However, although the above two schools of thought are widely deployed, Jim Collins presents a more recent approach to the concept of business excellence (Ghicajanu et al., 2015). With a group of 20 professionals, he steered research on 28 companies, which he, subsequently, divided into three categories. The first group of companies consisted of 11 organisations. The second category included a similar number of companies. The third group had six companies. Using this sample, Collins and his colleagues arrived at significant conclusions regarding the way some organisations would acquire business excellence while others only manage to perform averagely in their respective environments. These theorists argued that 11 companies recorded business excellence because they possessed level-5 leaders who are well known for confronting the reality and inculcating a culture of discipline.

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Collins and his team understood leadership as an important aspect of business excellence consisting of five levels. Level 1 leadership is linked to productivity in organisations through good work behaviours, knowledge, and talents (Dahlgaard, Chen, Jang, Banegas, & Dahlgaard-Park, 2013). Level 2 leaders deploy their good personal traits in realising groups’ goals and objectives by encouraging mutual relationships among employees. Hence, in the context of business excellence, such a leader is an outstanding conflict resolver. Level 3 leaders perform remarkably based on their effective resource and people organisation with the outcome of realising established organisational objectives. Level 4 leaders work under rigorous, precise, and clear plans to help in stimulating exceptional performance that complies with the laid-down standards. Figure 1 summarises Collins’ conceptualisation of a level 5 leadership, which is the prerequisite for business excellence.

Collins’ characterisation of level 5 leaders.
Collins’ characterisation of level 5 leaders (Ghicajanu et al., 2015).

Compared to Peters and Waterman and Robert Heller’s perspectives, Jim Collins’ presentation of business excellence is convincing. He depicts it as a continuous process that involves the search for remarkable business performance results. Organisations fail to achieve excellence because they focus on performing averagely (Zapata-Cantu, Delgado, & Gonzalez, 2016). Such an argument reflects the actual scenario of modern business environments characterised by changing operations, which compel organisations to realign themselves to secure high performance and, consequently, excellence.

Concepts of business excellence such as motivation and delegation preparation for a radical change, as proposed by Robert Heller’s perspective, are important in the modern competitive business environment. However, according to Asif and Gouthier (2014), knowing what defines organisations, their products and services, and where they object to be in the future, including positions they want to occupy in a world of competition, secures business excellence better in line with Jim Collins’ postulations. As shown in Figure 2, Collins’ perspective addresses this concern through its “hedgehog” concept (Dahlgaard et al., 2013). The perspective also acknowledges the need for being a pioneer in technology to facilitate business excellence, which Peters and Waterman and Robert Heller’s perspectives do not consider. Indeed, technological obsolescence has not only lowered performance but also led to the death of organisations that have been reluctant to embrace Jim Collins’ business excellence perspectives.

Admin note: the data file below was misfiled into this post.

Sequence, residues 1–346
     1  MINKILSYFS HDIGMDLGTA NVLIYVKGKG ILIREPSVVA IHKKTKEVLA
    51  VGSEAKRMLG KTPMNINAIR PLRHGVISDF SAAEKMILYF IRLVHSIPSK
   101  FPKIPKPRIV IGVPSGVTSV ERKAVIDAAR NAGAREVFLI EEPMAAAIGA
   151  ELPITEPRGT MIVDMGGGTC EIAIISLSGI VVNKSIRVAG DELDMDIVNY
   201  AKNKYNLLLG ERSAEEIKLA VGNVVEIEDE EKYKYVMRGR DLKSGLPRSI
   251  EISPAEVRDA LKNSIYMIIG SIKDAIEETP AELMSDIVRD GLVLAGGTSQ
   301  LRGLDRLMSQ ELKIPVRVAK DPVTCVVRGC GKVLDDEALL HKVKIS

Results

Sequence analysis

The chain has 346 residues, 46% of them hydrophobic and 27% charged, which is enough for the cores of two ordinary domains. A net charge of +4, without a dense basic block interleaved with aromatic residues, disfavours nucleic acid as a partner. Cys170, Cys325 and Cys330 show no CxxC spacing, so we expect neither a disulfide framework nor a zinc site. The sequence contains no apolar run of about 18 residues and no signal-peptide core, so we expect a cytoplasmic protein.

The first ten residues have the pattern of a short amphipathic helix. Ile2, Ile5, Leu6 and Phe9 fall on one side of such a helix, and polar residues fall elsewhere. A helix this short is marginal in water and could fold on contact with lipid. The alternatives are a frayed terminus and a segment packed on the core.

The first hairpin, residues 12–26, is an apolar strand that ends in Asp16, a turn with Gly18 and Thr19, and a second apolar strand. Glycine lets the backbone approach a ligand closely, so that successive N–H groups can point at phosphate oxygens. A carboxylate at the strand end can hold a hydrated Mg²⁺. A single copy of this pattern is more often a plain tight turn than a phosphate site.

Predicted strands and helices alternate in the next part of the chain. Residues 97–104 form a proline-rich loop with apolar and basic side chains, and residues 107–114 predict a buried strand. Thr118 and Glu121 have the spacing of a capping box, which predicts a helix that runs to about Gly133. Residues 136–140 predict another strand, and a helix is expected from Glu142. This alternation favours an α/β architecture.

Jim Collin’s hedgehog concept.
Figure 2: Jim Collin’s hedgehog concept (Ghicajanu et al., 2015).

A Comparison with the EFQM Fundamental Concepts of Excellence

The European Foundation for Quality Management (EFQM) is a non-profit organisation that was established almost three decades ago. It began with a membership of 14 businesses that set the pace for business excellence in Europe. The EFQM model was developed as a framework for assessing the extent of sustainability practices with the view of recommending appropriate operations improvement plans. Through this model, all stakeholders are involved in various decision-making processes that emphasise the achievement of the set objectives (Suárez, Calvo-Mora, Roldán, & Periáñez-Cristóbal, 2017). It provides tools that can be utilised to improve organisational profitability and, consequently, performance. According to Edgeman and Eskildsen (2014), the EFQM model is founded on three aspects of excellence, eight central principles, nine decisive factors, and the radar logic. Figure 3 below shows the eight core values.

EFQM core values.
Figure 3: EFQM core values (Escrig & de Menezes, 2016).